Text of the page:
Sylvia Carter never wanted to leave college, and so she has served as WCC’s first-year counselor to motivate students to continue their educations as well.
Many jobs today want people with a bachelor’s degree or higher, leaving out those with only high school diplomas.
“A college degree over a high school diploma shows an employer that you would go the extra mile,” Carter said. “You have the motivation to go on … “
Carter assists students academically by checking with students on their grades and helping to tutor and advise them.
She also informs students about resources like scholarships and community service opportunities.
According to the College and Career Readiness Indicators, which is a collaboration between the Hawai‘i State Department of Education and the University of Hawai‘i System and is coordinated by Hawai‘i P-20 Partnerships for Education, the number of students transitioning from high school into the University of Hawai‘i System has dropped by 5 percent from 2013 to 2018, from 38 percent to 33 percent.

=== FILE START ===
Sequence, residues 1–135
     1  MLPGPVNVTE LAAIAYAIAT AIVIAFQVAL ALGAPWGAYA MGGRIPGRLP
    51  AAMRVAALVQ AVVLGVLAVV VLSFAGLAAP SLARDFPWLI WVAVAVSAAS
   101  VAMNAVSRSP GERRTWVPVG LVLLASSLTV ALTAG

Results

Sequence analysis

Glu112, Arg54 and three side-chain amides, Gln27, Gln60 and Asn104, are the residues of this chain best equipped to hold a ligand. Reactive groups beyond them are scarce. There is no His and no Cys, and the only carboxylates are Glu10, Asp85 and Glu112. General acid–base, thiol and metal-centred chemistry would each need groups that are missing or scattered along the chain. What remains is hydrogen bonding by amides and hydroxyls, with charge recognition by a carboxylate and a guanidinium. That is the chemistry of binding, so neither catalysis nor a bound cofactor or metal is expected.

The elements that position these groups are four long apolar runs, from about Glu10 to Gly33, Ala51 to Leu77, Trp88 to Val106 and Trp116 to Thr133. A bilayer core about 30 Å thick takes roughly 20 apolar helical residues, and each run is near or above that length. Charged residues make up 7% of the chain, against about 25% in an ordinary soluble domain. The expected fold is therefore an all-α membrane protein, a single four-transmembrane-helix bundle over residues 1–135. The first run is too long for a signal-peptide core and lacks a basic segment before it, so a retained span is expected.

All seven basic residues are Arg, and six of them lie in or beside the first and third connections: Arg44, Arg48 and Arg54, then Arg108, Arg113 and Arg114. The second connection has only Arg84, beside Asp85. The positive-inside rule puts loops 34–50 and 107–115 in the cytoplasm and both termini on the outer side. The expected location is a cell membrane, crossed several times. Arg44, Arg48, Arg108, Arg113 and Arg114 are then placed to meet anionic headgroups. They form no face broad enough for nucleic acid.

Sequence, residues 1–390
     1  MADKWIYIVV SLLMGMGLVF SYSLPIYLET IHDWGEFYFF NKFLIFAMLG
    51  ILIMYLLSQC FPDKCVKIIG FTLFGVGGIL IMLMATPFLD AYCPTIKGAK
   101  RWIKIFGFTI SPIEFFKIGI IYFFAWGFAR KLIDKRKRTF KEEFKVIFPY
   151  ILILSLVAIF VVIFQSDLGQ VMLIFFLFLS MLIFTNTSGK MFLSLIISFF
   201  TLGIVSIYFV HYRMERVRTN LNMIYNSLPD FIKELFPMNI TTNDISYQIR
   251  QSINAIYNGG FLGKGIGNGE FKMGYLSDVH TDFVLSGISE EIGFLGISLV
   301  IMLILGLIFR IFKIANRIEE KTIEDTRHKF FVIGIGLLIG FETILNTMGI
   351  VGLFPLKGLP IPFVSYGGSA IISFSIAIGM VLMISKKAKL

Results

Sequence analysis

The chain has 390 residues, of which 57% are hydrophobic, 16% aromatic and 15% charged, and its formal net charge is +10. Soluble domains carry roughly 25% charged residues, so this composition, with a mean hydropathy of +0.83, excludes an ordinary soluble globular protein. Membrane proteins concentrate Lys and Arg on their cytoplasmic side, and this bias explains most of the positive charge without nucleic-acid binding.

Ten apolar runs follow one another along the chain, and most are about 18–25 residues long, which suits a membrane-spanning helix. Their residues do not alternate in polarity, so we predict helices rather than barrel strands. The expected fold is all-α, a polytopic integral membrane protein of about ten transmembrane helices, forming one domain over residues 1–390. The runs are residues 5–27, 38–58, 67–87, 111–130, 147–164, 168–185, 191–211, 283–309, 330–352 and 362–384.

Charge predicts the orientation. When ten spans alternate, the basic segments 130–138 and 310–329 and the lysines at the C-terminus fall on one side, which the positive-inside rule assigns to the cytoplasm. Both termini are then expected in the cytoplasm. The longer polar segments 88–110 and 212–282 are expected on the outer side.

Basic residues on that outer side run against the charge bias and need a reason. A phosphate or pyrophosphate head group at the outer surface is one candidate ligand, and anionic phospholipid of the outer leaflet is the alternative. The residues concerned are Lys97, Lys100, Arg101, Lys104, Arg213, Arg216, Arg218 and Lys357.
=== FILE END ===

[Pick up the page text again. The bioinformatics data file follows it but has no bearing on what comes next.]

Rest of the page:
“Sometimes students are forced to go to college by their parents, or students will drop out and come back later because money is a factor along with work and family,” Carter said.
Carter went to the University of Nevada, Reno, where she wrote for the college newspaper and did public speaking at homecoming and sports events.
Carter said that her involvement in school events and clubs made her who she is today.
Carter’s family and friends kept her motivated to keep pursuing her college degree.
She said they were so proud and excited that she was continuing her education. She was the first to graduate from college in her family.
She later got her master’s degree in educational leadership at the University of Nevada, Reno, and is now finishing up her doctoral studies in educational leadership at Florida Gulf Coast University.
She wants students at WCC to continue their educations as well and to have good experiences in and out of class, pursuing degrees and taking classes that they enjoy.
She also wants to help them stay in school and feel like they belong somewhere in college.
She hopes students will encourage one another too.
“Do it together, encourage and study together, be there for one another … you guys are in this journey together. Friends understand you a lot more,” she said.
As for her own advice on how to be successful in college, she said, “Just keep going forward, believe in yourself, keep one foot in front of the other, and there is always an opportunity to open doors.”
by Deja Wooden, Special to Ka ‘Ohana